(Originally written for Reverb1)
Hate him or love him, Rick Rubin may never leave the Avett Brothers. Rubin took hold after the band’s strongest outing, the gritty “Emotionalism,” and traded their raw energy for a perfectly mixed shimmer that had fans pawing for pitchforks.
The fear was they were on the fast track to becoming the male Dixie Chicks. Honestly, they might have already made that jump. But thanks to Rubin’s “cut 100 use 10″ attitude towards songwriting, the Avett Brothers are back a year after “The Carpenter” with another LP of heartsick folk pop. Culled from the same recording spell that spawned “The Carpenter,” “Magpie and the Dandelion” retains its sibling’s spit-shined production but claims most of the session’s plaintive moments.
“Magpie” is a contemplative album, nose to toes. It’s mostly about letting go: “Morning Song” chronicles the lonely path to recovery after heartbreak; “Apart From Me” is on love-forsaken-for-success, one of several autobiographical tracks on the album. Lead-off “Open Ended Life” is all folk-rock ballad, complete with electric guitar and—oh boy—a harmonica solo, which might as be blown by Rick Rubin himself, if he only knew how. But even here, its surface statements about never tying yourself down belie sad realities: the pain of the life that begets that sort of attitude and its subsequent disconnectedness.
Sonically, the album is standard Avett Brothers fare—simple, yet beautiful, with a cello part for every three-chord chorus. But it has its share of weird moments, too. Incidental or not, there are two unmistakable teases that make you wonder if its supposed to be a theme, like “the Avett’s Do Classic Rock Vol 1″: “Good To You” borrows part of its central piano phrase from “Norwegian Wood” and “Never Been Alive” takes its shimmering guitar from Pink Floyd’s “Breathe.” Another odd choice (and no less hackneyed) comes halfway through “Vanity,” as its spare piano and drums wander ass first into county-fair hard-rock. It’s as if they cut it on the same dark day as “Paul Newman Vs. The Demons,” “The Carpenter”‘s biggest misstep, as is “Vanity” to “Magpie.”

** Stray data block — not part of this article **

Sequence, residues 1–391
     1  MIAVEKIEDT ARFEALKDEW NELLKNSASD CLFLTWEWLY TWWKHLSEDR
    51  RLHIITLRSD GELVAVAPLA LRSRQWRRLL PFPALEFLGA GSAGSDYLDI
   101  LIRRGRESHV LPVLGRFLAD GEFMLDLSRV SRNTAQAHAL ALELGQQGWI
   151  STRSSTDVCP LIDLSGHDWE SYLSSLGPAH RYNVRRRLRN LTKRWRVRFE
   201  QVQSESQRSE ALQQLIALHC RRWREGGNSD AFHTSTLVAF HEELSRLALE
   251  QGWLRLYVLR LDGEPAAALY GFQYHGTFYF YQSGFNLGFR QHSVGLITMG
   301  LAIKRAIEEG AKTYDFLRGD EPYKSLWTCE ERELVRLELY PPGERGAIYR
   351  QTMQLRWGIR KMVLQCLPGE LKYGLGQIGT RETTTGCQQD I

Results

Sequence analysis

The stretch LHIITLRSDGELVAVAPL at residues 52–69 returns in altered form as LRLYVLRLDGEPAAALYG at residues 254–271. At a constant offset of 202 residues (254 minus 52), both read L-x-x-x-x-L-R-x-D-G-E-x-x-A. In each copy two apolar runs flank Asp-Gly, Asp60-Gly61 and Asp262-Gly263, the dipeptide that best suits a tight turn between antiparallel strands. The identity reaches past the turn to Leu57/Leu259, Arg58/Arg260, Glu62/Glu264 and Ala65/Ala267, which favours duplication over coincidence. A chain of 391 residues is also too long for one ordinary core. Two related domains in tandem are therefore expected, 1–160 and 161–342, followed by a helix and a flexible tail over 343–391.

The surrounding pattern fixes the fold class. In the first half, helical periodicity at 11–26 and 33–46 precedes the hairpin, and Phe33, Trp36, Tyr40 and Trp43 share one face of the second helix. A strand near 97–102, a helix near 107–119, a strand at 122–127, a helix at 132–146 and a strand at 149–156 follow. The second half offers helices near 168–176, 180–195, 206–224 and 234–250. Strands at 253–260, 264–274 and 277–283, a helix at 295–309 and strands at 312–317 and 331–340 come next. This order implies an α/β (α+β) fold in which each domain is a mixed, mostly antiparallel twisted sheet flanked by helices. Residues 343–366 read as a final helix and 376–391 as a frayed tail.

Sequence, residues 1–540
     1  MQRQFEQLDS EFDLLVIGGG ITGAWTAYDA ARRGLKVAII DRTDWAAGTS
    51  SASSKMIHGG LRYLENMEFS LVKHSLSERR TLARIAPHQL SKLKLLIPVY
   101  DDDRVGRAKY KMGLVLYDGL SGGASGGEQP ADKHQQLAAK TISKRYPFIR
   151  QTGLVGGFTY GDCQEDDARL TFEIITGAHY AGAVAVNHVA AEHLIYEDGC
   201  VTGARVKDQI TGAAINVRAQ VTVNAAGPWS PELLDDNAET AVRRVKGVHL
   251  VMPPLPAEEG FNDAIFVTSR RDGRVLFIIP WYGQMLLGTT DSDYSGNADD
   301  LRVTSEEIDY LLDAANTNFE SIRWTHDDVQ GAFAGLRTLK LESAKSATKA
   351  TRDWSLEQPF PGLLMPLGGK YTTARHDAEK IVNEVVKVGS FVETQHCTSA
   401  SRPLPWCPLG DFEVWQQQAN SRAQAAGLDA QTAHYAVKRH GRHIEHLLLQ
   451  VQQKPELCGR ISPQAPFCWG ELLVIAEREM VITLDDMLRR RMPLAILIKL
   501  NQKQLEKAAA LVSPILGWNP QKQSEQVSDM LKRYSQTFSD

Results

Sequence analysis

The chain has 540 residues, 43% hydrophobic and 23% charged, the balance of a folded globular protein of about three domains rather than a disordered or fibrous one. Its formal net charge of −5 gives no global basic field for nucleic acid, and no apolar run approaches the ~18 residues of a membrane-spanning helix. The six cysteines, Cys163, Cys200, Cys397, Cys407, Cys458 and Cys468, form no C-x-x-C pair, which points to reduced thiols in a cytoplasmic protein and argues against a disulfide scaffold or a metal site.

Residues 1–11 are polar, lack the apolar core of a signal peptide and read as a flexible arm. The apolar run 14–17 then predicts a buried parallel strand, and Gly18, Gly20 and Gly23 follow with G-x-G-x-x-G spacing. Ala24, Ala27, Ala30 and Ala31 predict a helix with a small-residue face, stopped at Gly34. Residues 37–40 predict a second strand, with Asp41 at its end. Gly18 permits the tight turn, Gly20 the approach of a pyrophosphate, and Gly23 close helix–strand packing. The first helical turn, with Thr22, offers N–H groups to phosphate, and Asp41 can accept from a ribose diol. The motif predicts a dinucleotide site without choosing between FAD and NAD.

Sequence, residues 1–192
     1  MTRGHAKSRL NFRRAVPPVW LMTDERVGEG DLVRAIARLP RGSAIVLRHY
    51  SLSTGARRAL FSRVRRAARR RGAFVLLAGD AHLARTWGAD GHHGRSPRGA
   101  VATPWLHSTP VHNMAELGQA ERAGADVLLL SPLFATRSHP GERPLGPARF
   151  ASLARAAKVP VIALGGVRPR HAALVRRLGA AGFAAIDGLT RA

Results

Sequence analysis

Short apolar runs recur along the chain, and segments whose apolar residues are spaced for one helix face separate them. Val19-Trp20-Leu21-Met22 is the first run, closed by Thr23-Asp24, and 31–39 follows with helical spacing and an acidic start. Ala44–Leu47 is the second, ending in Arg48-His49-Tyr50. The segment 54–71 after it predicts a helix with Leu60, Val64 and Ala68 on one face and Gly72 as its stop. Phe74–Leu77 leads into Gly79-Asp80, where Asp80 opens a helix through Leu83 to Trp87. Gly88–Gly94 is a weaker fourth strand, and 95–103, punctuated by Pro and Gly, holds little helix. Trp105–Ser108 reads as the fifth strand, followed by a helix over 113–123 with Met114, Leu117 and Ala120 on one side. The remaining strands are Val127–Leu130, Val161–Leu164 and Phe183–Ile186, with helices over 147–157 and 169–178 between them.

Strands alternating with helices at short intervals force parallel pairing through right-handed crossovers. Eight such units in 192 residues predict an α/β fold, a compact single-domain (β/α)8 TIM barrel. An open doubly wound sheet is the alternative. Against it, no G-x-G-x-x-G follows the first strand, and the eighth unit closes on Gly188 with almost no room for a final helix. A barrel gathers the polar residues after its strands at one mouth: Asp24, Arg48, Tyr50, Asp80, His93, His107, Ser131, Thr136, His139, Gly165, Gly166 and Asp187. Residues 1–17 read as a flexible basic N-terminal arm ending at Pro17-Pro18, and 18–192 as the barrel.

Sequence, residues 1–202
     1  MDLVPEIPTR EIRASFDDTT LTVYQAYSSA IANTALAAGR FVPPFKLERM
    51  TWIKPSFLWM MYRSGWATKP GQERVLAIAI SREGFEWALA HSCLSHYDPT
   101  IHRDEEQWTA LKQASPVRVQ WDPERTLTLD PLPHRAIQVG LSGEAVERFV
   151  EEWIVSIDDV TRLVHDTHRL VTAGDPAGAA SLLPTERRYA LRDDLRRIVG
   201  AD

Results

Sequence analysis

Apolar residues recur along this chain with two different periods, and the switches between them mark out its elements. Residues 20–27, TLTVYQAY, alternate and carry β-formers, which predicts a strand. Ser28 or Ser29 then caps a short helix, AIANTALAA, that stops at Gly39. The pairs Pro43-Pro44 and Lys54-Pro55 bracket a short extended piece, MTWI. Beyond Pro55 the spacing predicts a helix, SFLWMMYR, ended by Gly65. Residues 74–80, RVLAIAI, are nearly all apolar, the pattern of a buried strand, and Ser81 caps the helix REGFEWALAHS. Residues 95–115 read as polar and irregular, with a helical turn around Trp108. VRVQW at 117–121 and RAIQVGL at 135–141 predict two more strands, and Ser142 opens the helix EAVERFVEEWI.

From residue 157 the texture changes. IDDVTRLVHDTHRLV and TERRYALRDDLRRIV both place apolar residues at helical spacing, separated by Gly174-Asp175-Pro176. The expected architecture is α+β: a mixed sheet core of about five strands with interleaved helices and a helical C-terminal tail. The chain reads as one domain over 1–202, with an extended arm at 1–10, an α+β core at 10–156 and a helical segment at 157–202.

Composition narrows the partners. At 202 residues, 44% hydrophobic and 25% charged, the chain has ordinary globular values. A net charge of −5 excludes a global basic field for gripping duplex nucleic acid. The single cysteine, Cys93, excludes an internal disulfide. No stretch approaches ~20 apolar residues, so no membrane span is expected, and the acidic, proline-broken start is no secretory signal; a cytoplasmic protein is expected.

There are some equal highs to the head-shaking lows. “Bring Your Love To Me” features a gorgeous banjo riff and balances perfectly between stripped down and full bodied. The live version of “Souls Like The Wheels” is pitch perfect and fits seamlessly into the tear-soaked patchwork. “Apart From Me” is classic Avett Brothers, with a lovely acoustic guitar lead and that’ll be up on tablature websites within the week.
Like “The Carpenter,” “Magpie and the Dandelion” is slick as anything on the Billboard’s country music charts right now. If you already wanted to pull Rick Rubin’s beard off, that’s unlikely to change. But the songwriting on “Magpie” render it the better of the two albums hatched from Rubin and the Avetts’ latest session. Bittersweet as it may be, it just might be as close to the Avetts of old as we may ever hear again.